WASHINGTON (JTA) — The Anti-Defamation League decried Donald Trump’s appointment of Stephen Bannon as a top White House adviser, saying Bannon’s association with “unabashed anti-Semites and racists” is disqualifying.
Bannon, longtime CEO of the right-wing Breitbart news website, a clearinghouse of alt-right views, joined Trump’s presidential bid late in the campaign and helped lead it to victory.
The ADL in its statement first praised the president-elect for his other hire announced Sunday: Reince Priebus, the chairman of the Republican National Committee, as chief of staff.
“At the same time, the ADL strongly opposes the appointment of Steve Bannon as senior adviser and chief strategist in the White House,” said the statement posted on Twitter by ADL CEO Jonathan Greenblatt. “It is a sad day when a man who presided over the premier website of the ‘alt-right’ – a loose-knit group of white nationalists and unabashed anti-Semites and racists – is slated to be a senior staff member in the ‘people’s house.’”
Breitbart employs Jews and covers Israel sympathetically, but also has become the nexus of the alt-right movement, which includes in it those who have expressed homophobic, misogynist, white supremacists and anti-Semitic views. In one recent instance, a writer mocked a critic of Polish populism because she is Jewish.
Bannon’s ex-wife in 2007, in sworn affidavits, said he was resisting sending their daughters to a private school because he “didn’t want the girls going to school with Jews.” Bannon denied it.
Before the appointment was made official, Newt Gingrich, the former U.S. House of Representatives speaker who is expected to play a senior role in a Trump administration, dismissed claims that Bannon was an anti-Semite.
Saying concerns about Bannon and the alt-right come from “nut cakes,” Gingrich, who is close to the right wing pro-Israel community, told CBS on Sunday morning that Bannon could not be an anti-Semite because he had worked on Wall Street and in Hollywood.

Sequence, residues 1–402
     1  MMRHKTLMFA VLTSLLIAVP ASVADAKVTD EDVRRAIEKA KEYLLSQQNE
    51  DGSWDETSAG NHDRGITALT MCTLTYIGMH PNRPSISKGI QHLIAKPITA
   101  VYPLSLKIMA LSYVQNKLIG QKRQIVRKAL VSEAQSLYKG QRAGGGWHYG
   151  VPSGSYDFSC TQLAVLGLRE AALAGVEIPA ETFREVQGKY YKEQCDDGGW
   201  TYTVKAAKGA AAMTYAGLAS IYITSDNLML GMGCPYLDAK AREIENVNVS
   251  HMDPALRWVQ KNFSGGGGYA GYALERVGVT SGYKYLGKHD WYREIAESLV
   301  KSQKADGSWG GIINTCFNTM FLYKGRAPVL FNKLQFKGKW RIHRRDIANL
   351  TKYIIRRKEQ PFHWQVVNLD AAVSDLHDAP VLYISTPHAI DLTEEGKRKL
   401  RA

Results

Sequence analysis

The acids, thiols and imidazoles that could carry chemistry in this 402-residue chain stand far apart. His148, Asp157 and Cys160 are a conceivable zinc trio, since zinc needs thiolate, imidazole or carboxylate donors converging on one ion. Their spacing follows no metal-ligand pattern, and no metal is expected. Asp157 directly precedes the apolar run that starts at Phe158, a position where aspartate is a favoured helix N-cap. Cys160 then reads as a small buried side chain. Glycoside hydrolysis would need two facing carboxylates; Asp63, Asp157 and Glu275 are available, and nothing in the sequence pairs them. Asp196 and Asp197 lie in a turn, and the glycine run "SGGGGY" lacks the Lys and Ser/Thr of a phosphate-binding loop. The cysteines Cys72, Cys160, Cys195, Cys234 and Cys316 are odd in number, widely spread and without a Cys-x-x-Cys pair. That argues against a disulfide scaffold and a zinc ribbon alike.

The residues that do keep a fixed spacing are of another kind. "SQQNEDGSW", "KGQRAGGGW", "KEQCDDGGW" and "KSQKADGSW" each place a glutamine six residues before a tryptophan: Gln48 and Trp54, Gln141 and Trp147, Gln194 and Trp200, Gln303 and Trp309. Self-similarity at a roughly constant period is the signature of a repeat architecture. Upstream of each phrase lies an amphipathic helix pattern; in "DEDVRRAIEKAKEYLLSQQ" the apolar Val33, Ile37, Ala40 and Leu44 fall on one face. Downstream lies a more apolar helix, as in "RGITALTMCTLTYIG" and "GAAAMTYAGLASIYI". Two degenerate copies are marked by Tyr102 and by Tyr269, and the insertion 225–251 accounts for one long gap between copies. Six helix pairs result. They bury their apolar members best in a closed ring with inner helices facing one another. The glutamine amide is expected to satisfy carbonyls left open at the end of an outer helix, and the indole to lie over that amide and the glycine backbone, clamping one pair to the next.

Liberal Jewish groups joined in the criticism of the Bannon appointment.
“Those of us who were alarmed by Trump’s campaign when it began over a year ago are starting to see the things we feared come to pass, and this is one of them — the elevation of an avowed bigot to a position of incredible official power,” said Stosh Cotler, the CEO of Bend the Arc Jewish Action, a political action committee that had opposed Trump.
The National Jewish Democratic Committee said in a statement that the hire showed that Trump was not serious about Jewish sensibilities, despite his oft-repeated defense that his daughter, son-in-law and grandchildren are Jewish.
“No amount of Jewish family members or potential White House Shabbat dinners will overshadow the fact that Trump has hired a man like Bannon as one of his most senior staffers,” the NJDC said. “We won’t forget.”
Jewish Voice for Peace, a group that is part of the boycott Israel movement, likened Trump to the Israeli government.
“From our work on Israel, we are familiar with the deepening violence, hatred and repression that comes from a far right government,” it said. “We cannot sit by and watch that take place here — this is not a time for business as usual.”
Rabbi Jonah Dov Pesner, Director of the Religious Action Center of Reform Judaism, said in a statement that his office is “deeply disturbed” by Bannon’s appointment.
“The President is entitled to choose advisors who he believes will help him implement his agenda. However, both in his roles as editor of the Breitbart website and as a strategist in the Trump campaign, Mr. Bannon was responsible for the advancement of ideologies antithetical to our nation, including anti-Semitism, misogyny, racism and Islamophobia. There should be no place for such views in the White House,” the statement said. “President-elect Trump has said he wants to be president for all the people. We urge him in this spirit to assemble a leadership team that reflects that aspiration.”
The American Jewish Committee called on Trump to remember his promise to be a president for all Americans.
“Of utmost concern is ensuring that policies proposed and put into place make good on President-elect Trump’s Election Night promise, for the benefit of all citizens of our too-divided country, and address the central concerns of the American people and our allies around the world. Presidents get to choose their teams and we do not expect to comment on the appointment of every key advisor,” said Jason Isaacson, AJC Assistant Executive Director for Policy, in a statement.